What first drew me to Celan’s 'Irish' was a discussion with Pierre Joris, in which I suggested – out of curiosity, rather than any notion of improving his work – that, in this particular poem, ‘path’ might be the word to rest alongside ‘glen’, rather than Pierre's choice, ‘trail’ – a word which seemed to me perhaps too wide open, too full of that American quality, that Olsonian SPACE. Pierre wrote back, standing by ‘trail’ and saying, astute as ever, that he intended to translate into American.

What continues to fascinate in Celan’s poem, and in the other translators’ attempts to gain access to its ‘grainstore’ of meaning, is that quality of beseeching: the desire to gain permission, to be granted the right, the right to assert love; the right to enact a desire which is expressed so intensely as to reveal, and, in consequence, to admit, that it is out-of-kilter. The key is being forced. Being at that time so alone – and here one recalls Celan's 'I am alone on all roads' – being isolated, the path through the glen leads, inevitably, to the sharp blade that cuts peat on the moor, the slope, the brae, the scarp, of the heart. This edge is too sharp to be an instrument of shared human affection.

The cultural shift that I had suggested, toward a ‘path’, does catch the quality of walking alone, eyes cast downward to avoid puddles and boulders, following the narrow winding trods that sheep make through highland glens. There are paths which we must walk single file, but we may carry others' words with us.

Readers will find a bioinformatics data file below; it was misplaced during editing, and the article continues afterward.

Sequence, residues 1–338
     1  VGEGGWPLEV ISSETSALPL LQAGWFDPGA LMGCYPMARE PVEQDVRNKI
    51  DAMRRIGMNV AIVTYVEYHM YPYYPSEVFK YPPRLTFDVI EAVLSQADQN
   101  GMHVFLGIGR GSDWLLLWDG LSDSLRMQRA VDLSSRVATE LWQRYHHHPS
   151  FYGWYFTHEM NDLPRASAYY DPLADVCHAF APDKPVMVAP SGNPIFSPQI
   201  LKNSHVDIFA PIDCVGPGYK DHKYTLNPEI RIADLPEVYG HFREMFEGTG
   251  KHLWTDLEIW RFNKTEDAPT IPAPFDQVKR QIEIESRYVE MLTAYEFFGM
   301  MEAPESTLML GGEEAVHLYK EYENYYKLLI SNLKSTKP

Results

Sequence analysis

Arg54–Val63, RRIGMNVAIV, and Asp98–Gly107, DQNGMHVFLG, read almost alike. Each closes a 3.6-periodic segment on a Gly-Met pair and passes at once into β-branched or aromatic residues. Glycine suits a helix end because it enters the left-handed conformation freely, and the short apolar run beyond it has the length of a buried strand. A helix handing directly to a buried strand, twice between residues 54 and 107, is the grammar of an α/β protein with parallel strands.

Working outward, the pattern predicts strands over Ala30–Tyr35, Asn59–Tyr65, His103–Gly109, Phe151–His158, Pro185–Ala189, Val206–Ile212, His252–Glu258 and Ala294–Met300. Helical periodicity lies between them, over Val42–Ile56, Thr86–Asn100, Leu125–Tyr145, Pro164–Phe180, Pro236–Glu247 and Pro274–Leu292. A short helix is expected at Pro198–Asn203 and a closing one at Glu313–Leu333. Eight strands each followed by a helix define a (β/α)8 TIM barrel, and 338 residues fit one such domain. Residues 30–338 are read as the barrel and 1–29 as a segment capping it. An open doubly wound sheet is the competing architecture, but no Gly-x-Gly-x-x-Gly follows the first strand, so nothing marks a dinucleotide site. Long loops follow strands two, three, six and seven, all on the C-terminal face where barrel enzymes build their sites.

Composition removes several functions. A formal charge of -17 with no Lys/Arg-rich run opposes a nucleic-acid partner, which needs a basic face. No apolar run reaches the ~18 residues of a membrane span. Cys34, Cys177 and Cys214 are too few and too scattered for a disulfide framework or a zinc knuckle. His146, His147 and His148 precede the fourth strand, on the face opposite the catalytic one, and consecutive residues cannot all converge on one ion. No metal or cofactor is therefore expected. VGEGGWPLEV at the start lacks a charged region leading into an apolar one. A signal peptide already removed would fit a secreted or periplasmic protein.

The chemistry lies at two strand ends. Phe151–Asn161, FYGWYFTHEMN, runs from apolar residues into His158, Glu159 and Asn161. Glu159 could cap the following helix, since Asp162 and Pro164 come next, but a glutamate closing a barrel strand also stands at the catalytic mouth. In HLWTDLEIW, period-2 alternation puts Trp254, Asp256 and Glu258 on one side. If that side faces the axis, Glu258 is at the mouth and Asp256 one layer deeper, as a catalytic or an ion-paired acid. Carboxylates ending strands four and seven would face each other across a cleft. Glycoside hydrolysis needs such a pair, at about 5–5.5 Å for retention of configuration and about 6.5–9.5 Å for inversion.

This narrow way opens in poetry, momentarily, and, without due care, is once again lost from view.

die halb-

beschrittenen Knüppel-
pfade im Hochmoor

               the half-

trod log-
trails on the highmoor

'Todtnauberg', Paul Celan (tr. Pierre Joris)


Fadensonnen / Threadsuns, Pierre Joris (Green Integer, 2006)

Irish, Paul Celan, Alec Finlay & Sol LeWitt, translations by Pierre Joris, Harry Gilonis, Jerome Rothenberg, Edwin Morgan, Anselm Hollo, Nuala Ni Dhomhnaill (peninsula & morning star, 1997)

Irish 2, Paul Celan, Alec Finlay, translations by David Antin, Richard Barrett, Claudia e Kraszkiewicz, Ken Cockburn, Gabriel Rosenstock, Robert Kelly, with an essay by Tim Robinson, photographs by Guy Moreton and an audio CD by Alec Finlay and Zöe Irvine (Spacex, morning star 2002)

Connemara: A Little Gaelic Kingdom, Tim Robinson (Penguin Ireland, 2011)

Ludwig Wittgenstein: There where you are not, Alec Finlay, Guy Moreton, Michael Nedo (Black Dog, 2005)

Robert Macfarlane, Archipelago No. 6  (Clutag Press, Winter 2011)